Tuesday, September 14, 2010

Tory-Lib Dems tell copyright industry to pay costs of pursuing unlicensed files

Ah, if only David Geffen had thought to invite a couple of Lib Dems onto his yacht, maybe things would have been different. The coalition have told the copyright industries they'll have to bear most of the costs for pursuing unlicensed filesharers.

ISPs will only be made to pay the costs of notifying their customers; 75% of the bill will be passed to the people who care about the copyright.

However, the government's decision today, based on a consultation on the cost-sharing proposal, said that the argument to split detection costs had been rejected as a "business as usual" bill for copyright holders.

"This argument was rejected as the initial proposal to share costs 75/25 was made in the full knowledge that copyright owners did have these separate costs to bear," said the government. "At the level of the individual copyright owner the level of detection activity (and any legal action) is a matter for them. It was considered these were largely 'business as usual' costs that copyright owners would face as part of protecting their own copyright material."
In a related decision, citizens won't be forced to pay a fee to appeal against one of these proceedings:
"As a free system risks the possibility of large numbers of unnecessary appeals, the government will monitor the situation closely, and reserves the right to introduce a small fee at a later stage," the government added.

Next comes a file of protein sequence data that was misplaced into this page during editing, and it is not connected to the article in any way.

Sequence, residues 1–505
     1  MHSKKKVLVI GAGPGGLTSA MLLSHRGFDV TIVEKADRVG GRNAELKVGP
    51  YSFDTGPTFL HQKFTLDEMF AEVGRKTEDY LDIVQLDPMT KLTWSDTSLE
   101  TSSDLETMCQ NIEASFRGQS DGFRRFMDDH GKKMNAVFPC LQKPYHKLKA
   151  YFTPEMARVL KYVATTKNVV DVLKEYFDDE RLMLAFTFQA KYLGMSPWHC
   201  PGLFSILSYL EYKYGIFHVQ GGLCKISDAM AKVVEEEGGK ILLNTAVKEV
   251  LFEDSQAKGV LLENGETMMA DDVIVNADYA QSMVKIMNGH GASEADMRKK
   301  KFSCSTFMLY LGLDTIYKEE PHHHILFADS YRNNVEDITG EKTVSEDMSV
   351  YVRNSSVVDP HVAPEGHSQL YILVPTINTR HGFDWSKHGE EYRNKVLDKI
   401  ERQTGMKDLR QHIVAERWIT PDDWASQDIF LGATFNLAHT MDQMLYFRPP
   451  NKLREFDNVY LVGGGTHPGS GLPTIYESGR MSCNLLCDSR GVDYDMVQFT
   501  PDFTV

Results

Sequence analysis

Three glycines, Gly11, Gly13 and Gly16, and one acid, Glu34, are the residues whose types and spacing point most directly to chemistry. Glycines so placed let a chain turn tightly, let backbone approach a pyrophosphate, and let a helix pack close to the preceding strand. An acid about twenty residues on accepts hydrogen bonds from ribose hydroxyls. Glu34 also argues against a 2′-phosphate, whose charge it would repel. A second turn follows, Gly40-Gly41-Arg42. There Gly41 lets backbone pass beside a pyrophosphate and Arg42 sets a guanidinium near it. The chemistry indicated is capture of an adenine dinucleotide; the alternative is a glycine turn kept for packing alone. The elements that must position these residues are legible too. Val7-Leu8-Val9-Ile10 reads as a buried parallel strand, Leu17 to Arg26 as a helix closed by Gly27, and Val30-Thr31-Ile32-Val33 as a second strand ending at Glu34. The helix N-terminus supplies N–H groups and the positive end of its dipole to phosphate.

This puts me in a horrible position of thinking that the coalition have made a good decision. Better if they'd scrapped the whole idea of snooping and letters, but it's a start.

You can tell its a good decision, because the copyright industry is squealing about how it's soooooo unfair:
"We continue to believe that ISPs should bear a greater proportion of the costs of communicating with their customers about illegal peer-to-peer use on their networks," said a spokesman for the British Recorded Music Industry (BPI), which represents the UK's music companies.

"We will work closely with the government and Ofcom to ensure that the costs framework overall is workable and affordable, in particular for small labels, and that the Code can be swiftly implemented."
Won't it cost what it costs?